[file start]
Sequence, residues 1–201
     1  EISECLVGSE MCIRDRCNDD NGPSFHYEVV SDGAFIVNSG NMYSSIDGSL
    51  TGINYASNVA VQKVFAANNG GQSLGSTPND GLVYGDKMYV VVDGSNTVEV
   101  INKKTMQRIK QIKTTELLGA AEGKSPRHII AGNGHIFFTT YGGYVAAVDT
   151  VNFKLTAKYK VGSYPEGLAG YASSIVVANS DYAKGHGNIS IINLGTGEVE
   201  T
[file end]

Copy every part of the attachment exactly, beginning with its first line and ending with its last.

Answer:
Sequence, residues 1–201
     1  EISECLVGSE MCIRDRCNDD NGPSFHYEVV SDGAFIVNSG NMYSSIDGSL
    51  TGINYASNVA VQKVFAANNG GQSLGSTPND GLVYGDKMYV VVDGSNTVEV
   101  INKKTMQRIK QIKTTELLGA AEGKSPRHII AGNGHIFFTT YGGYVAAVDT
   151  VNFKLTAKYK VGSYPEGLAG YASSIVVANS DYAKGHGNIS IINLGTGEVE
   201  T